COMMENTARY: Welcome to the Caymans

The success of Urban One Casino proves that Richmond remains in dire need of campaign finance reform.

Virginia has long been described as the Cayman Islands of political campaign financing. And sadly, it won’t change until residents demand their representatives in the General Assembly step away from the hog trough of free food, booze and unlimited campaign contributions and pause to remember who elected them and why.

The need to be like Caesar’s wife – above reproach – applies to Democrats and Republicans alike.

The ongoing casino controversy in Richmond is the most recent example of the need for reform. As such, it provides a perfect lesson underscoring the need for serious campaign finance reform as well as the need for consequences for violating the rules.

Consider Urban One, the $560 million casino resort of choice that Mayor Levar Stoney recently presented to City Council in the hope that it will be placed on the ballot in November. One of the investors in the Urban One Casino, Greg Cummings, is also one of three people who created the Black Opportunity Council on Sept. 11, 2020. Within a few days of its founding, the group doled out $45,000 to local election campaigns. Cummings did not respond to repeated requests for comment by press time.

According to information available on Virginia Public Access Project, the group gave $10,000 to the campaign of Amy Wentz on Sept. 20, who unsuccessfully ran against 8th District council member Reva Trammell. On Sept. 28, the group gave Stoney $20,000, and $5,000 each to Cynthia Newbille, president of City Council representing the 7th District, and Ellen Robertson, representing the 6th District. On Oct. 9, it gave $2,500 to Katherine Jordan, a candidate for 2nd District seat, and on Oct. 20, it gave $2,500 to Ann-Frances Lambert who was running for the 3rd District council seat. Both Jordan and Lambert won their races.

The fact that various candidates received money from a group affiliated with the Urban One casino, is troubling to Tad Berman, a longtime activist who scrutinizes the gaming and gambling industry in Virginia on his website, Virginians for Integrity in Horse Racing and Casino Gambling.

Berman, a self-described watchdog, has been maintaining his website and blog for more than 10 years. In a recent interview, he explains that he is so fed up with what he sees as a corrupt practice that he fired off a letter to the Virginia Office of the Attorney General with a copy to Richmond city attorney, Haskell Brown. In his letter, Berman requests that the attorney general open an investigation into the Black Opportunity Council, which he describes as “a clandestine organization that was formed in September 2020 by a One Casino investor whose apparent only purpose was to donate money to Richmond City Council members, candidates, and Mayor Stoney in an effort to influence them regarding the One Casino proposal.”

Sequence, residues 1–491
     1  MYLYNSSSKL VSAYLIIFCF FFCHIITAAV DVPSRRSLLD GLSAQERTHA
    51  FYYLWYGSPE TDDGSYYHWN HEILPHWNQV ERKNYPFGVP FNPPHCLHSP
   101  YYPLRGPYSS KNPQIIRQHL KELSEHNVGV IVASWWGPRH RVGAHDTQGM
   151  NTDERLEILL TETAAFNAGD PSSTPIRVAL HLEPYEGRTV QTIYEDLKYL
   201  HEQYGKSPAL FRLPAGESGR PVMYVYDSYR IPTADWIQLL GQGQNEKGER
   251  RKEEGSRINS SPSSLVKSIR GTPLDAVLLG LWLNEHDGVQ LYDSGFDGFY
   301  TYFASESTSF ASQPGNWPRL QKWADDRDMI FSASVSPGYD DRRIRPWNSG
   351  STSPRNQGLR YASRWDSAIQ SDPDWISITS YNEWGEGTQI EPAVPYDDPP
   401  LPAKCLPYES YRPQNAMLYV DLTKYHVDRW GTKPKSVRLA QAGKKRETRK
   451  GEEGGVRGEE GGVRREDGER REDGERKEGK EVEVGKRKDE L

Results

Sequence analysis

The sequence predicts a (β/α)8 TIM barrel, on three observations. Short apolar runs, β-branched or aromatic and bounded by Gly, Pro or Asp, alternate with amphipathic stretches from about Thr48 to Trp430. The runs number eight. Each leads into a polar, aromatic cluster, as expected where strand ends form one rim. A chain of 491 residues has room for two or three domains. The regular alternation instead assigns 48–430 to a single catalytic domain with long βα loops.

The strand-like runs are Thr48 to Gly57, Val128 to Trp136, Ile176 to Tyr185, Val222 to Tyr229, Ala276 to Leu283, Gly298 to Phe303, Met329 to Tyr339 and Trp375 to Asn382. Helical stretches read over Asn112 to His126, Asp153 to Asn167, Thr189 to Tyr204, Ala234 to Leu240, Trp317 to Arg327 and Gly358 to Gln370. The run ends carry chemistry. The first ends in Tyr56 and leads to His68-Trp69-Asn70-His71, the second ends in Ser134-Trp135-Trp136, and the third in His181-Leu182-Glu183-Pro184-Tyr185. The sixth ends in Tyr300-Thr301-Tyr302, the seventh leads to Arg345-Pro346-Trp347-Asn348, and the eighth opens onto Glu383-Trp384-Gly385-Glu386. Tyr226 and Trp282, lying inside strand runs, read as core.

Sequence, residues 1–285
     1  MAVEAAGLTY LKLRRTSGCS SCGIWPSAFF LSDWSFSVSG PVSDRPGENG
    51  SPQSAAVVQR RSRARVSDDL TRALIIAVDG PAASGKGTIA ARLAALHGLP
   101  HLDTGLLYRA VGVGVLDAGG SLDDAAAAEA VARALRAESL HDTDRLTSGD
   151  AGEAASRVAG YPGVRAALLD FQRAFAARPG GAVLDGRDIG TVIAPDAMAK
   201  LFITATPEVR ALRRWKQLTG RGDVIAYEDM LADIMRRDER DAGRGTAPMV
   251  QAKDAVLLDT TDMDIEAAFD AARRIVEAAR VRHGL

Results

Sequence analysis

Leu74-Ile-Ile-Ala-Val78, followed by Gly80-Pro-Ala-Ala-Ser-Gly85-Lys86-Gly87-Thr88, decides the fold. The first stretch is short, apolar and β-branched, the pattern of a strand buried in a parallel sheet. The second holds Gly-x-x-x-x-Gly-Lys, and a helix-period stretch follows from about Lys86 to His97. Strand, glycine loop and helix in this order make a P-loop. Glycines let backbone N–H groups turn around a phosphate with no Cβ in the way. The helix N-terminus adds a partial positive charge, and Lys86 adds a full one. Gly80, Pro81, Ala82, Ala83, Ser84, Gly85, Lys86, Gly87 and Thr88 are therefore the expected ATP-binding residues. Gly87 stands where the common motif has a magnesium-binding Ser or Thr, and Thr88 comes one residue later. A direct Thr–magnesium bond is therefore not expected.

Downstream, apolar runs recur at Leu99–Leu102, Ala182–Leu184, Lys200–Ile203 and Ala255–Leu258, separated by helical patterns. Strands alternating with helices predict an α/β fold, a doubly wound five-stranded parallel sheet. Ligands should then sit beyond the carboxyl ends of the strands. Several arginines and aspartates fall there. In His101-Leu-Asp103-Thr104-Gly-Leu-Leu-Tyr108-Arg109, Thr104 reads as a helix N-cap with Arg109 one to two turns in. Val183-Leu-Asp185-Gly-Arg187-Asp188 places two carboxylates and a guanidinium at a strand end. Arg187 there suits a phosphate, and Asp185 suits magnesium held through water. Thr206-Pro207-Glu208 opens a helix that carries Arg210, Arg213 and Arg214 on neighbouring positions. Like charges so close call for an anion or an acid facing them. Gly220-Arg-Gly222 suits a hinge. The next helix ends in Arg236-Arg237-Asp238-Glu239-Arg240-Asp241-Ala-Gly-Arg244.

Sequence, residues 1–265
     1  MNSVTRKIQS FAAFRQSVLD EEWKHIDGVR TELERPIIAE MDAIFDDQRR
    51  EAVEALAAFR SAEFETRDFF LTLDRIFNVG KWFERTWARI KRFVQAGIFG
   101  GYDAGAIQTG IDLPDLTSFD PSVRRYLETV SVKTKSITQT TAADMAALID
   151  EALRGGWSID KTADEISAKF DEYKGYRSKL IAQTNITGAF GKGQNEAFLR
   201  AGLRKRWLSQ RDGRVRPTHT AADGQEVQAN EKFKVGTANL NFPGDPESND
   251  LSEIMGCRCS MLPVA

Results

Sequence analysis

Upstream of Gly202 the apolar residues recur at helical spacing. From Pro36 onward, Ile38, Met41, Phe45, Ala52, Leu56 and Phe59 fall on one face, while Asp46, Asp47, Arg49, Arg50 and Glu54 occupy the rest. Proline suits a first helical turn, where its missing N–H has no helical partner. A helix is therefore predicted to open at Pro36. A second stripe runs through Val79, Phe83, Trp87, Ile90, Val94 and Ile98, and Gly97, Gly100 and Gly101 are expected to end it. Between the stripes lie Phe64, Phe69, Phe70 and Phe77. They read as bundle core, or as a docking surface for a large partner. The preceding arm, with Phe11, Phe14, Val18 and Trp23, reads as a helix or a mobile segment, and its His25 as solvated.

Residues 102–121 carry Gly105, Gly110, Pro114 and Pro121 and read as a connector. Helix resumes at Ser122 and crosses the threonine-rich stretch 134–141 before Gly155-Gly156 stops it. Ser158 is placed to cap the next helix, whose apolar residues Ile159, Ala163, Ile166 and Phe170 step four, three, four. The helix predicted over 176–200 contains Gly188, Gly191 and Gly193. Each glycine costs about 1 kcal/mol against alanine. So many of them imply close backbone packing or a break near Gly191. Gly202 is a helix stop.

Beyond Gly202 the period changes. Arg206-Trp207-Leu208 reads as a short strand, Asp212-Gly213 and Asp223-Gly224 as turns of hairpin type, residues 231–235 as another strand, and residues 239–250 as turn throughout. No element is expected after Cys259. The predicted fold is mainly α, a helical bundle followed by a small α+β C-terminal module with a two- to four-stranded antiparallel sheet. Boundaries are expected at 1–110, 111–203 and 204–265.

Berman believes that since so many members of Richmond City Council, along with Stoney, received political contributions from One Casino or its investors that at a minimum, members should be forced either recuse themselves from voting or to return the money. Or both.

From his original letter: “By accepting money from the BOC, I feel as though certain council members have compromised their ability to vote objectively. … on whether to approve or disapprove the One Casino proposal. At the very least, those who accepted donations from the BOC should return that money and recuse themselves from the vote … I also think this standard should be applied to councilman Michael Jones in regard to a $5,000 contribution One Casino chairman Alfred Liggans made to him in January.” 

At the May 24 City Council meeting, Stoney introduced a presentation on Urban One. The proposal to place the referendum on the November ballot is now scheduled to go to a Richmond City Council committee June 7 from 5 to 6:30 p.m., at which point the date to bring it to a full-City Council meeting will be determined.

It might seem that any elected official with an ounce of integrity who will vote on a matter that could result in financial benefit to a donor should know better than to accept even a free beer or pretzel, much less thousands of dollars. However, while unethical, such action is not illegal in Virginia as long as the elected official declares the contribution. Politicians in Virginia during the last General Assembly session killed legislation that would have prohibited elected officials from using campaign money for personal expenses. The bill, sponsored by Del. Marcus Simon, D-Fairfax, cleared the House of Delegates by unanimous vote but failed to survive the Virginia Senate. 

In 2016, Alan Suderman, a reporter with the Associated Press, wrote that “behavior that would get lawmakers locked up in other states or at the federal level is perfectly fine in the Old Dominion.”

Suderman noted that Virginia is the only state where lawmakers can raise unlimited campaign donations from anyone, or any corporation or union, and then spend the money on themselves. 

And until Virginia voters demand greater integrity and accountability from elected officials, those officials will continue to think they are in the Cayman Islands.

Correction: Katherine Jordan won the 2nd district seat not the 1st.


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